George R. R. Martin
When the real history of mankind is fully disclosed, will it feature the echoes of gunfire or the shaping sound of lullabies? The great armistices made by military men or the peacemaking of women in homes and in neighborhoods? Will what happened in cradles and kitchens prove to be more controlling than what happened in congresses? When the surf of the centuries has made the great pyramids so much sand, the everlasting family will still be standing, because it is a celestial institution, formed outside telestial time.
Neal A. Maxwell
We humans may be brilliant and we may be special, but we are still connected to the rest of life. No one reminds us of this better than our dogs. Perhaps the human condition will always include attempts to remind ourselves that we are separate from the rest of the natural world. We are different from other animals; it's undeniably true. But while acknowledging that, we must acknowledge another truth, the truth that we are also the same. That is what dogs and their emotions give us- a connection. A connection to life on earth, to all that binds and cradles us, lest we begin to feel too alone. Dogs are our bridge- our connection wo who we really are, and most tellingly, who we want to be. When we call them home to us, it'as as if we are calling for home itself. And that'll do, dogs. That'll do.
Patricia B. McConnell
At Night on the High Seas At night, when the sea cradles me And the pale star gleam Lies down on its broad waves, Then I free myself wholly From all activity and all the love And stand silent and breathe purely, Alone, alone cradled by the sea That lies there, cold and silent, with a thousand lights. Then I have to think of my friends And my gaze sinks into their eyes, And I ask each one, silent and alone: "Are you still mine? Is my sorrow a sorrow to you, my death a death? Do you feel from my love, my grief, Just a breath, just an echo?" And the sea peacefully gazes back, silent, And smiles: NO And no greetings and no answers come from anywhere.
Do you know, when I am with you I am not afraid at all. It is a magic altogether curious that happens inside the heart. I wish I could take it with me when I leave. It is sad, my Grey. We are constrained by the rules of this Game we play. There is not one little place under those rules for me to be with you happily. Or apart happily, which is what makes it so unfair. I have discovered a curious fact about myself. An hour ago I was sure you were dead, and it hurt very much. Now you are alive, and it is only that I must leave you, and I find that even more painful. That is not at all logical. Do you know the Symposium, Grey? The Symposium of Plato. [He] says that lovers are like two parts of an egg that fit together perfectly. Each half is made for the other, the single match to it. We are incomplete alone. Together, we are whole. All men are seeking that other half of themselves. Do you remember? I think you are the other half of me. It was a great mix-up in heaven. A scandal. For you there was meant to be a pretty English schoolgirl in the city of Bath and for me some fine Italian pastry cook in Palermo. But the cradles were switched somehow, and it all ended up like this... of an impossibility beyond words. I wish I had never met you. And in all my life I will not forget lying beside you, body to body, and wanting you.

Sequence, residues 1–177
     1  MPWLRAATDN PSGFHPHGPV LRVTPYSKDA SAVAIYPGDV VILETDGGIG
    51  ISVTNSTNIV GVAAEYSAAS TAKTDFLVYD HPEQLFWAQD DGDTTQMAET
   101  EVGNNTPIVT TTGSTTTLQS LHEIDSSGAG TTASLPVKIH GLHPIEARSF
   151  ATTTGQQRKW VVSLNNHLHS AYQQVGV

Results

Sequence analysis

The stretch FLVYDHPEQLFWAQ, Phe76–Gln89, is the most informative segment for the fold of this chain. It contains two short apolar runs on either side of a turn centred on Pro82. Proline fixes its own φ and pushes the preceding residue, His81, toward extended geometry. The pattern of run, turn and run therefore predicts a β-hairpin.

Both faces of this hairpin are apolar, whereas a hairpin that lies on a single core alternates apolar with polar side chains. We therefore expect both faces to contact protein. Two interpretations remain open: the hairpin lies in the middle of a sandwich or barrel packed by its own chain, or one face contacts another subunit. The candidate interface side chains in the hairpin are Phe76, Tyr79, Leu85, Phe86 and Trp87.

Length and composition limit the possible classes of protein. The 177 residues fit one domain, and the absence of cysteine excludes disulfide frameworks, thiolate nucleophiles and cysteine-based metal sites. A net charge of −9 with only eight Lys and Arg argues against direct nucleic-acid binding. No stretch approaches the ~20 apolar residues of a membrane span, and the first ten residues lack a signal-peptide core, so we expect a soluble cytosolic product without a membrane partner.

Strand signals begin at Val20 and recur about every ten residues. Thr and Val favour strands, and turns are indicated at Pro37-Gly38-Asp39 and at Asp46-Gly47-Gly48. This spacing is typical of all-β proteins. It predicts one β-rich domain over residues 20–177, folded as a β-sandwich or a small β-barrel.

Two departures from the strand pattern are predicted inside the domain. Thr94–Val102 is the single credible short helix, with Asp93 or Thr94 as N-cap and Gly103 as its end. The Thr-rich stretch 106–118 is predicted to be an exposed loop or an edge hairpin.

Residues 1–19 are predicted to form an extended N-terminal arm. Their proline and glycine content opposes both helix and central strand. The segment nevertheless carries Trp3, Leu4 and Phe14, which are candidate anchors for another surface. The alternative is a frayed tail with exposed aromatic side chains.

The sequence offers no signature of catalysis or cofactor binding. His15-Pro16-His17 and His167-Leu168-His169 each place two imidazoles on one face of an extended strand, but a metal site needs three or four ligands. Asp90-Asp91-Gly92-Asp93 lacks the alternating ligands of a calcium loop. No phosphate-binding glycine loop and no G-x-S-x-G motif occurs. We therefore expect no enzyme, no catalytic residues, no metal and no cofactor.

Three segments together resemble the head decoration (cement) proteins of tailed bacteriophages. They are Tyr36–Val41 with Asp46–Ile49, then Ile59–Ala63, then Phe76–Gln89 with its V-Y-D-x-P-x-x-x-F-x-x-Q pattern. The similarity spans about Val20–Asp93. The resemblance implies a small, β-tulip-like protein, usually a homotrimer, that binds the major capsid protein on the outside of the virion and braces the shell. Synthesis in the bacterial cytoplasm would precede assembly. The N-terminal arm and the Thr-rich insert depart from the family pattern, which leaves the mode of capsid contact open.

STAINS With red clay between my toes, and the sun setting over my head, the ghost of my mother blows in, riding on a honeysuckle breeze, oh lord, riding on a honeysuckle breeze. Her teeth, the keys of a piano. I play her grinning ivory notes with cadenced fumbling fingers, splattered with paint, textured with scars. A song rises up from the belly of my past and rocks me in the bosom of buried memories. My mama's dress bears the stains of her life: blueberries, blood, bleach, and breast milk; She cradles in her arms a lifetime of love and sorrow; Its brilliance nearly blinds me. My fingers tire, as though I've played this song for years. The tune swells red, dying around the edges of a setting sun. A magnolia breeze blows in strong, a heavenly taxi sent to carry my mother home. She will not say goodbye. For there is no truth in spoken farewells. I am pregnant with a poem, my life lost in its stanzas. My mama steps out of her dress and drops it, an inheritance falling to my feet. She stands alone: bathed, blooming, burdened with nothing of this world. Her body is naked and beautiful, her wings gray and scorched, her brown eyes piercing the brown of mine. I watch her departure, her flapping wings: She doesn't look back, not even once, not even to whisper my name: Brenda. I lick the teeth of my piano mouth. With a painter's hands, with a writer's hands with rusty wrinkled hands, with hands soaked in the joys, the sorrows, the spills of my mother's life, I pick up eighty-one years of stains And pull her dress over my head. Her stains look good on me.
Brenda Sutton Rose